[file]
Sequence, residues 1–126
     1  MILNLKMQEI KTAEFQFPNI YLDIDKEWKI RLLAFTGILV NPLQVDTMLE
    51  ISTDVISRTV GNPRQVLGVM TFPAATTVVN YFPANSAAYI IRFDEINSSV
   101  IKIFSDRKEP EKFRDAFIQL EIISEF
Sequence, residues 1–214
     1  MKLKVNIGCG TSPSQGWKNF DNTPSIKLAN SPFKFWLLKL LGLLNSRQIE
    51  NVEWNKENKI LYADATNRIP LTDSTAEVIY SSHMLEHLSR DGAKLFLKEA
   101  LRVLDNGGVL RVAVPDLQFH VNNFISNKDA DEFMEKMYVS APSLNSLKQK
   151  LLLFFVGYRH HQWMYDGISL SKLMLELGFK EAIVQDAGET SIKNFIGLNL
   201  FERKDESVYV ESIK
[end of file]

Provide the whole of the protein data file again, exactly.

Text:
Sequence, residues 1–126
     1  MILNLKMQEI KTAEFQFPNI YLDIDKEWKI RLLAFTGILV NPLQVDTMLE
    51  ISTDVISRTV GNPRQVLGVM TFPAATTVVN YFPANSAAYI IRFDEINSSV
   101  IKIFSDRKEP EKFRDAFIQL EIISEF
Sequence, residues 1–214
     1  MKLKVNIGCG TSPSQGWKNF DNTPSIKLAN SPFKFWLLKL LGLLNSRQIE
    51  NVEWNKENKI LYADATNRIP LTDSTAEVIY SSHMLEHLSR DGAKLFLKEA
   101  LRVLDNGGVL RVAVPDLQFH VNNFISNKDA DEFMEKMYVS APSLNSLKQK
   151  LLLFFVGYRH HQWMYDGISL SKLMLELGFK EAIVQDAGET SIKNFIGLNL
   201  FERKDESVYV ESIK